My freshman year of college one of my friends overdosed on heroin. You understand that people die when you're in high school, but you don't really understand the depth of it. We went to all the same schools growing up, even high school, so I was pretty close to him and his family. But then, he stayed in state to go to college and I went out of state, so I was kind of removed from everybody when it happened. It didn't really impact me for a while. I think when I got the phone call the morning after, my response was, "that's terrible, but you shouldn't do heroin." It was very cold and I didn't even come home for the funeral. But then I noticed other friends that really seemed lost. I'd seen them go through Katrina and some lost their entire homes and they seemed to have a lot of resilience then. But they were really lost after this happened. That really brought it home for me.

I didn’t realize the degrees of magnitude of difference of Hurricane Katrina from past storms at the time, or how long it would take to come back. Or the consequences of breaking up families for a period of time, taking people out of school and throwing them in different schools...the effect it had on 12-18 year-olds.

I didn't really talk to anyone about it. I'm sure the school counselor would have been happy for me to come in if I wanted to talk. I'm sure my parents could have afforded to send me to a therapist, and they would have been happy to. Other friends, other family members of mine would have let me open up. The reason I didn't talk to anyone wasn't because there weren't any options. I just didn't.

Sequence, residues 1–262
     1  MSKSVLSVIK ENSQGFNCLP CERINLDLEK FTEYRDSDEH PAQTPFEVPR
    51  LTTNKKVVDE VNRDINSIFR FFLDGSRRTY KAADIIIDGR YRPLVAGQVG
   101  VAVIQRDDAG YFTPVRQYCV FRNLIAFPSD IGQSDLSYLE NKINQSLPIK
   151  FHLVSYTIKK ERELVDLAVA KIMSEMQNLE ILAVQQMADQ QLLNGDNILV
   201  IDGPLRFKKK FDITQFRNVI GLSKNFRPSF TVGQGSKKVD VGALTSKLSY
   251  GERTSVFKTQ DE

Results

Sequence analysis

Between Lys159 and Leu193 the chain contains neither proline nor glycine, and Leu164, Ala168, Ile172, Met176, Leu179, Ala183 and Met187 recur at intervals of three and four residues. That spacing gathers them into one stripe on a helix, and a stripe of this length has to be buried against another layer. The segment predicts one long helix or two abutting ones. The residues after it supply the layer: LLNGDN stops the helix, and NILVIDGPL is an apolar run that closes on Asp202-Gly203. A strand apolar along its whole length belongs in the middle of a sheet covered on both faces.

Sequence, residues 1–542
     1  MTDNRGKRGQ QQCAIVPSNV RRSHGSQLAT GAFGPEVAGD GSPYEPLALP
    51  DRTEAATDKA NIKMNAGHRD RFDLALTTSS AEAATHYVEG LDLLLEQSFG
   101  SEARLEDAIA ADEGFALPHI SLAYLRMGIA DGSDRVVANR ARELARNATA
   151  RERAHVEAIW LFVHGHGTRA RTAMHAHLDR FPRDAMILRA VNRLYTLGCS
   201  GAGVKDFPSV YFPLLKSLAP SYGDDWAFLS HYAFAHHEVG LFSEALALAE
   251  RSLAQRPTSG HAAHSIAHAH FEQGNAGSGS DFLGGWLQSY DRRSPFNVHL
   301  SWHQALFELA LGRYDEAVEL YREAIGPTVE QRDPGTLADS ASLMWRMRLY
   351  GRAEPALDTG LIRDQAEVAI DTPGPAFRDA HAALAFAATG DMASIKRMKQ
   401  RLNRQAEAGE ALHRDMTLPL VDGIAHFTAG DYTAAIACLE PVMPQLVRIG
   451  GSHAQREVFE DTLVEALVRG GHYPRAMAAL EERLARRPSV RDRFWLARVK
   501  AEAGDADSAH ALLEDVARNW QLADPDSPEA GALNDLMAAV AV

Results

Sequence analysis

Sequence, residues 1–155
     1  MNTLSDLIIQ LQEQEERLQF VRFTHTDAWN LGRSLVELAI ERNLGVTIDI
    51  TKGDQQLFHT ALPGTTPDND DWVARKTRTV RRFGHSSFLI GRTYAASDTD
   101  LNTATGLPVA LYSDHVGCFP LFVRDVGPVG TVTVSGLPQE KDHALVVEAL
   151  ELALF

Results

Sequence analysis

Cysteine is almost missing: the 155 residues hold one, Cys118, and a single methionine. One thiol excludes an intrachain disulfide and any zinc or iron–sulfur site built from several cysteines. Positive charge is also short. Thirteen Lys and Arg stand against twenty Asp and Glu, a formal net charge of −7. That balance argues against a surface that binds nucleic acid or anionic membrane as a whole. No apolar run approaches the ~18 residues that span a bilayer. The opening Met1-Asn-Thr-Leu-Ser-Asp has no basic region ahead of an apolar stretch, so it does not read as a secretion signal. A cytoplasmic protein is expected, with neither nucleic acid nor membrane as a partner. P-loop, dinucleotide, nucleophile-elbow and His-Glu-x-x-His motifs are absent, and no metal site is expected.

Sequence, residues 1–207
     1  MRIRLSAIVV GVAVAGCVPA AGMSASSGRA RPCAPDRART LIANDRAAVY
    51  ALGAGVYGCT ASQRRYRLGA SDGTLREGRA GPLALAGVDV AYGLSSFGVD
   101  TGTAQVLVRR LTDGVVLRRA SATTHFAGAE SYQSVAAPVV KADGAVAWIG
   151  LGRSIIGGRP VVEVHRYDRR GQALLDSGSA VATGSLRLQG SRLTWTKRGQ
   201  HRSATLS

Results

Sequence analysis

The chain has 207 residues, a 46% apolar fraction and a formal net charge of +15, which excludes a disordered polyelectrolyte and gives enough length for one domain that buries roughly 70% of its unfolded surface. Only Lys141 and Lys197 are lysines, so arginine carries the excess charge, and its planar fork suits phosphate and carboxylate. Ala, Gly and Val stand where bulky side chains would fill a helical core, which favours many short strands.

The only person I talked to in depth about it was his mother. Seeing a mother's grief is terrifying. So I kept on a solid mission to be strong for her. When I talked about it with her, my main focus wasn't getting things off my chest. So instead, I like to read the news and volunteer to cope with it. I think it helps when you see how big the world is. When you see how many good things can happen. When you see how terrible things can get. It kind of gives you perspective.

Seeing a mother’s grief is terrifying.

Every year for his birthday our friends meet up with his family and I make a point to spearhead that. His mother is a sweet person and I enjoy reminiscing with her about him. I think she appreciates it. His brother recently had a child. It's great to see his mother happy again. Seeing a grandmother's joy is comforting.

I guess knowing that I had a Plan B for coping, that I did have these options, that kind of removed some level of anxiety towards it. Without too much anxiety, I was able to attempt to get past it on my own. If I wasn't close to my family to talk to them, or if I didn't go to a school that had a welcoming school counselor, or if I didn't have the means to get a psychologist or psychiatrist, that probably would put more pressure on me to get through something on my own. Pressure on a teenager going through something certainly adds fuel to the fire.